“Right. Come see me in a week.” I hoped that was enough time for him to cool off a bit.

After Ben left I dug in my brain and through my files and came up with four names. Three days of emails, phone calls and faxes later, I had the contacts and basic information I wanted to pass along to Ben. The ball was then in his court, and he would have to do all the research.

Ben took the information and contacts with glee and made an appointment to see me about it in two weeks.

When he entered my office he looked spooked. “What’s the matter, Ben?”

“I made contact with the list of people you gave me. Even did some interviews over the phone. I even got my father involved, as a former diplomat he had lots of inside contacts I could follow up on. Then, yesterday I had a visit from the FBI.”

I was astounded, though I shouldn’t have been. “The FBI?”

“Yeah. Lots of questions, and many veiled threats. You were right, this was going to blow up in my face.”

“What did they want you to do?

“They warned me not to proceed with the research. That it was still a matter of national security; that I didn’t have clearance, etc. They even dropped hints about my father’s career in the State Department.”

“Nasty. What are you going to do?

“Well, I’ve got enough material to write an article; but not enough for any in-depth thesis. Secondly, their threats were real, if subtle. So I thought I’d write this up as fiction and publish it under a pseudonym on the Internet.”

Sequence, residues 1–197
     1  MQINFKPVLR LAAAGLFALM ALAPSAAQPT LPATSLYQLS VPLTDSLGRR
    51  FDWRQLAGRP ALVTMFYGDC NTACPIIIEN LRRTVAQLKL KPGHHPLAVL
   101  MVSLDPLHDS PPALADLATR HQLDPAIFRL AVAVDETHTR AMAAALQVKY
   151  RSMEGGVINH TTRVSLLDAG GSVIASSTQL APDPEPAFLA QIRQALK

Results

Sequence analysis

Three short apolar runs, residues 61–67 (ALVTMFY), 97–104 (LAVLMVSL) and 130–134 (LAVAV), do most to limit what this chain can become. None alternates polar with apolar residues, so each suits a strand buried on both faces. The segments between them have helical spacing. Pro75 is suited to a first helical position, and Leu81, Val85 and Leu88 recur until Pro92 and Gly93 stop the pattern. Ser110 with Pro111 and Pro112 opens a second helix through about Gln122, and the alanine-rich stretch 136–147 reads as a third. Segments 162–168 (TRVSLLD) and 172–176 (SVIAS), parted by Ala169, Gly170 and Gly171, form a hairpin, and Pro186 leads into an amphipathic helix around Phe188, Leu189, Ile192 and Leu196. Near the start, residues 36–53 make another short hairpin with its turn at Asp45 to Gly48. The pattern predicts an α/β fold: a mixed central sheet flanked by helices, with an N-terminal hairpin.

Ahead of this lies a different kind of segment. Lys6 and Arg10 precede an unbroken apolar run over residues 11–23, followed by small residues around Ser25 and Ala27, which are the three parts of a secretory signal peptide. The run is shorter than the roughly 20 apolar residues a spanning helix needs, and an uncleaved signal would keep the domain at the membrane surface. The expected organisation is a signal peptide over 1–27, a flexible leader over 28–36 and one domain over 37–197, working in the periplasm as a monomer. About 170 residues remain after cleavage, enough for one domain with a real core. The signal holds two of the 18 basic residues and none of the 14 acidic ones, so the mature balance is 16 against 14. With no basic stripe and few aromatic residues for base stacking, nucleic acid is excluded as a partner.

I laughed aloud at his cheekiness. “It had better be a very good pseudonym, Ben!”

He handed me a manila folder containing a manuscript. “I’ve arranged for a classmate from highschool to post this fictionalised account on the Internet.”

“OK. Now, seriously, what are you going to do about your thesis, Ben?”

* * * *

Operation Azusa Maru

July 19, 1945. 0430 hours.

Captain Shizu Kaizuki lowered his binoculars, double checked his charts, and ordered a course correction. “Five degrees of port helm. New course 023.”

“Five degrees of port helm it is sir,” answered the helmsman, “new course 023.”

“Steady on the new course.”

“Steady sir.”

The aged-looking freighter lumbered along at nine and a half knots. In these northern latitudes ‘sunrise’ is still hours away. He expects fog or snow flurries by then. At least he hopes there will be fog or flurries, as he brings the freighter to an entirely new heading, and begins the long leg of their route. He licks his dry lips in anticipation of passing that long journey safely, unseen, undetected.

“Captain,” Lieutenant Miazawa salutes as he enters the bridge.

“Lieutenant,” the captain acknowledged the salute, and enquired. “How are our ‘guests’ coming along?”

“They anticipate no difficulties in the final assembly of the device. However, I think they are anxious to know that the submarine will be on station when we arrive.”

“Yes, quite. I don’t suspect they wish to be there at the delivery,” he observed dryly.

Miazawa bowed and said, “That will be our honour.”

The bridge dropped into routine silence after the change of watch. At precisely 0730 the Captain ordered, “Come to new course, 175.”

“Coming to new course, 175, sir.” The freighter swung slowly in the ice-rimed seas, and slipped into the expected flurries. Its new course will eventually bring it off Seattle. No common freighter this, nor common merchant-marine crew. This is Imperial Japan’s sole remaining Armed Merchant Cruiser. Armed with hidden 4-inch guns, light and heavy ack-ack, and four torpedo tubes, she is capable of fighting toe to toe with a light cruiser. Now she additionally carries a special device to be delivered by a skeleton crew, all seasoned Japanese Navy personnel. She is a Kamikaze ship.